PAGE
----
BMW has unveiled its new 7 Series flagship model that will go toe-to-toe with the all-conquering Mercedes S Class, but is it enough to overthrow the established master of the luxury sector?
BMW has always been known for driver’s cars. It’s a calling card that has served it well in the lower echelons and its 3 and 5 Series models have always sold well. In the luxury sector, though, the Munich firm has always suffered and Mercedes, based just two hours down the road in Stuttgart, has always been the benchmark for luxury limousines.=
The new car is sleeker in design and in objective terms is the prettier of the two cars. Mercedes has opted for fussy and somewhat brutal designs of late, while the 7 Series has a smoother and more cohesive look that wins the design war.
Most cars are getting bigger and the new BMW is no exception, in fact the long wheelbase version, which is offered as the executive choice alongside the ‘standard’ car, is a full 14cm longer than the outgoing machine. The base car is 26cm longer, which is huge, although the width and height remain unchanged.
Despite the bigger dimensions, though, the new car is 130kg lighter than the outgoing car as BMW has learned lessons from its i8 and other machines in a bid to improve fuel economy through reduced weight. Carbon reinforced plastics feature heavily in the structure, which are much lighter than the steel and aluminium items they replace.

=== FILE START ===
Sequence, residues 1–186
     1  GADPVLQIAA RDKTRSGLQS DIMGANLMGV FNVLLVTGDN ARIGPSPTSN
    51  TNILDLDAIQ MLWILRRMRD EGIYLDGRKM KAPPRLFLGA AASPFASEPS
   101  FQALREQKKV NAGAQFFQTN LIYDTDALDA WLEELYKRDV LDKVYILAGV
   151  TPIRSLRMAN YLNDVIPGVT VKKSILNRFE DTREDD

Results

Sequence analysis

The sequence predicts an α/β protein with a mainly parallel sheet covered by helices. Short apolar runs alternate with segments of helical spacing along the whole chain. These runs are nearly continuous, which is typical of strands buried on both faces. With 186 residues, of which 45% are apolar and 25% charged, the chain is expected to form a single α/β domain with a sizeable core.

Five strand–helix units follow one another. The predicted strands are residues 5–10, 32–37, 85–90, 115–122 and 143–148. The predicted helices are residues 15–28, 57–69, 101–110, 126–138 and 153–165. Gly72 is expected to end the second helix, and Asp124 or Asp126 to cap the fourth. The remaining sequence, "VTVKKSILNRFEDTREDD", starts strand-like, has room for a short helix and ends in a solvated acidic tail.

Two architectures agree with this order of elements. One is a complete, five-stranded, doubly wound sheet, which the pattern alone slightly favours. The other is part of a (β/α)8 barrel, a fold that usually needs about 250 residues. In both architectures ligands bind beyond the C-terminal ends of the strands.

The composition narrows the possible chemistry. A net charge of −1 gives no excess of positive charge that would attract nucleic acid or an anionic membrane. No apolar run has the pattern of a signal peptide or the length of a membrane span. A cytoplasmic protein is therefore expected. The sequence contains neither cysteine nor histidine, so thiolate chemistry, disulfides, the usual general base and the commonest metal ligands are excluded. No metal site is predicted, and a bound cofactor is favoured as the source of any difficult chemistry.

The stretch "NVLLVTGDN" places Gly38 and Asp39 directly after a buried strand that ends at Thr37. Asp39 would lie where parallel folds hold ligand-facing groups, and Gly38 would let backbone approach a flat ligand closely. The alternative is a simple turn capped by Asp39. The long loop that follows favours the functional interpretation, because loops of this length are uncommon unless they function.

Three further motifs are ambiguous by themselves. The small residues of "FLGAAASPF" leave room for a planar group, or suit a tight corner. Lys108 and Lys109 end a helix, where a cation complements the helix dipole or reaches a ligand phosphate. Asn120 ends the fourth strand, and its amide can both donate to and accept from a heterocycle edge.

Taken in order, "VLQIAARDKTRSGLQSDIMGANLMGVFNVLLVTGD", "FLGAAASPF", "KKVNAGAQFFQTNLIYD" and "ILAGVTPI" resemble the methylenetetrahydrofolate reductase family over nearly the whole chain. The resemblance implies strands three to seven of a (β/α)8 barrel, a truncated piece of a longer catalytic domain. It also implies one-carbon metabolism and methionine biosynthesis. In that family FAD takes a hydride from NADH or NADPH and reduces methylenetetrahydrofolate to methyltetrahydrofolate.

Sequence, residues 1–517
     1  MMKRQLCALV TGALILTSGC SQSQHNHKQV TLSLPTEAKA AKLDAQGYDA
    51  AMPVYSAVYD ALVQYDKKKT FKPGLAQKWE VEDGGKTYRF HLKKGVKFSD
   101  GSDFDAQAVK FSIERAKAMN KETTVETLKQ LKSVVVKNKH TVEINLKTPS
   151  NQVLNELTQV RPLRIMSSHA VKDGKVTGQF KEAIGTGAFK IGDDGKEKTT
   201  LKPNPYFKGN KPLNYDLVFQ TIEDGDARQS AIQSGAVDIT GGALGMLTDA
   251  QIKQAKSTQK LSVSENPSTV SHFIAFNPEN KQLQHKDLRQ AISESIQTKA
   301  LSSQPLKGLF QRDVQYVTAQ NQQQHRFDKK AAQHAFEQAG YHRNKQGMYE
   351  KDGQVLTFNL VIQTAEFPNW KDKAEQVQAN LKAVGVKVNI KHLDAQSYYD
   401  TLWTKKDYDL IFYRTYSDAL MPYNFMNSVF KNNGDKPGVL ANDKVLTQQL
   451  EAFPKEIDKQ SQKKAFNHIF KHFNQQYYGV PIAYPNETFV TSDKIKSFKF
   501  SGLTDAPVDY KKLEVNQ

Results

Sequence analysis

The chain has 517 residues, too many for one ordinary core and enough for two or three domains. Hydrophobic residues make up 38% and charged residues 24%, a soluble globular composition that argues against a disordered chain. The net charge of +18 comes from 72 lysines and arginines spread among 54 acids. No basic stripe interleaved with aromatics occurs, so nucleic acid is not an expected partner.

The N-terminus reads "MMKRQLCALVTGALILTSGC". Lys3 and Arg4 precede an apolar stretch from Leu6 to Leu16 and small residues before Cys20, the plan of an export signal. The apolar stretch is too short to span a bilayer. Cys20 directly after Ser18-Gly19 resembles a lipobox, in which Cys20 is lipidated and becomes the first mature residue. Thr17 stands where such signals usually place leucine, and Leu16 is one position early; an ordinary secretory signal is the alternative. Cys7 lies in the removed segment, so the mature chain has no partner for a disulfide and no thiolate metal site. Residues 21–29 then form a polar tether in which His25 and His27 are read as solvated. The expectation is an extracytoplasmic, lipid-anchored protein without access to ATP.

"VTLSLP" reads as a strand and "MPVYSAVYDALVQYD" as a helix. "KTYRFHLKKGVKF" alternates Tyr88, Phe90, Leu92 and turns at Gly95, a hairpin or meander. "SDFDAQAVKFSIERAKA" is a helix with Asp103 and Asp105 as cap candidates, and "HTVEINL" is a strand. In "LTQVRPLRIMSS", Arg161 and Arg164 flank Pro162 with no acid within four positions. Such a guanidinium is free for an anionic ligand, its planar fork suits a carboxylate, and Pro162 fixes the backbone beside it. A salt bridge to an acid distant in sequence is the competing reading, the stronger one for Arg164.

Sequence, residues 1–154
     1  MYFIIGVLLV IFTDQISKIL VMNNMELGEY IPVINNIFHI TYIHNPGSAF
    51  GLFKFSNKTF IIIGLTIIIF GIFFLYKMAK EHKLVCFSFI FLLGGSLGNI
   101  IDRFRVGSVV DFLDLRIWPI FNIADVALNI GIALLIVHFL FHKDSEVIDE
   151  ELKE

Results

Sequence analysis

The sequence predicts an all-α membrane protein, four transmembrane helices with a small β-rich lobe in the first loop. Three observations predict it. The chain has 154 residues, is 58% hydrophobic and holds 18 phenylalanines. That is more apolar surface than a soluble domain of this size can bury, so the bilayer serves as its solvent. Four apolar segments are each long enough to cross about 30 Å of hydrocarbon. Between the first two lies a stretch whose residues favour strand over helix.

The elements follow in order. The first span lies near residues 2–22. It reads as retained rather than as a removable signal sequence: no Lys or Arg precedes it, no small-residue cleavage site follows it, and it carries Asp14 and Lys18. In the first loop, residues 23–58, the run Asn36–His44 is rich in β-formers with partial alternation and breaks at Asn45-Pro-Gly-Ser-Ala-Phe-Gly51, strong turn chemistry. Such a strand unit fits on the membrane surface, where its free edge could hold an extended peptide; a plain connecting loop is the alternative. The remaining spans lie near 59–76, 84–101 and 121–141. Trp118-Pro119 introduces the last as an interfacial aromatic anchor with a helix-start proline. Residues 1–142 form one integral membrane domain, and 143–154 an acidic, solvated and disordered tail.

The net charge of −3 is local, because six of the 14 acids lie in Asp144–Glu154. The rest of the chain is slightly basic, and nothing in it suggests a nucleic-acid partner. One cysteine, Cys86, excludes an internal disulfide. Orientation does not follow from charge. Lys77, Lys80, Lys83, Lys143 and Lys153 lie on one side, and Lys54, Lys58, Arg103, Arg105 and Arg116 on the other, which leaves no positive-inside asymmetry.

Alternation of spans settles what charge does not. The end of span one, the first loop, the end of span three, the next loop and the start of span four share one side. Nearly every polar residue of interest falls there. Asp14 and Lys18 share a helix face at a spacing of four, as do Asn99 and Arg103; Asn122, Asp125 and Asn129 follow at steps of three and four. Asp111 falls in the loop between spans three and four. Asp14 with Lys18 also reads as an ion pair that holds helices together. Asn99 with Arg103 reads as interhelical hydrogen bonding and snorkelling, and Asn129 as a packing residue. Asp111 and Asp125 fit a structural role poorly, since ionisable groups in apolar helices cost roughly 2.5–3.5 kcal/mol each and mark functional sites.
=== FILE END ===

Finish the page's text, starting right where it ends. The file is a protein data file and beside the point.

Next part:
Cars like the BMW 7 Series are more about the clever interiors, though, and BMW has given Mercedes a run for its money with a slick freestanding sat-nav/infotainment screen. It comes with a touchscreen, which is a major update for those that have struggled with BMW’s signature iDrive in the past, as well as the traditional rotary controller, and a new gesture control system that makes its debut.
This high-tech approach to interacting with the car’s infotainment system should put an end to studiously trying to hit the right button while hammering down the fast lane of the Autobahn at 150mph, which has to be a good thing in terms of safety.
Massage seats, which have a long way to go to catch up with the S-Class, which offers professional grade Shiatsu massage at the touch of a button, is now part of the package. Wireless phone charging joins forces with a climate control system so advanced it offers separate temperatures for the individual armrests, as well as the front and rear seats, and there’s a removable tablet that can control the whole car from the outside.
Owners will be able to park the car while nobody is inside, thanks to BMW’s parking assist and the tablet computer.
Is this enough to overthrow Mercedes? On first glance it looks like a tough fight for BMW and while the company will undoubtedly make sales with executives that don’t want to follow the herd, it may well remain a niche seller rather than a new world champion.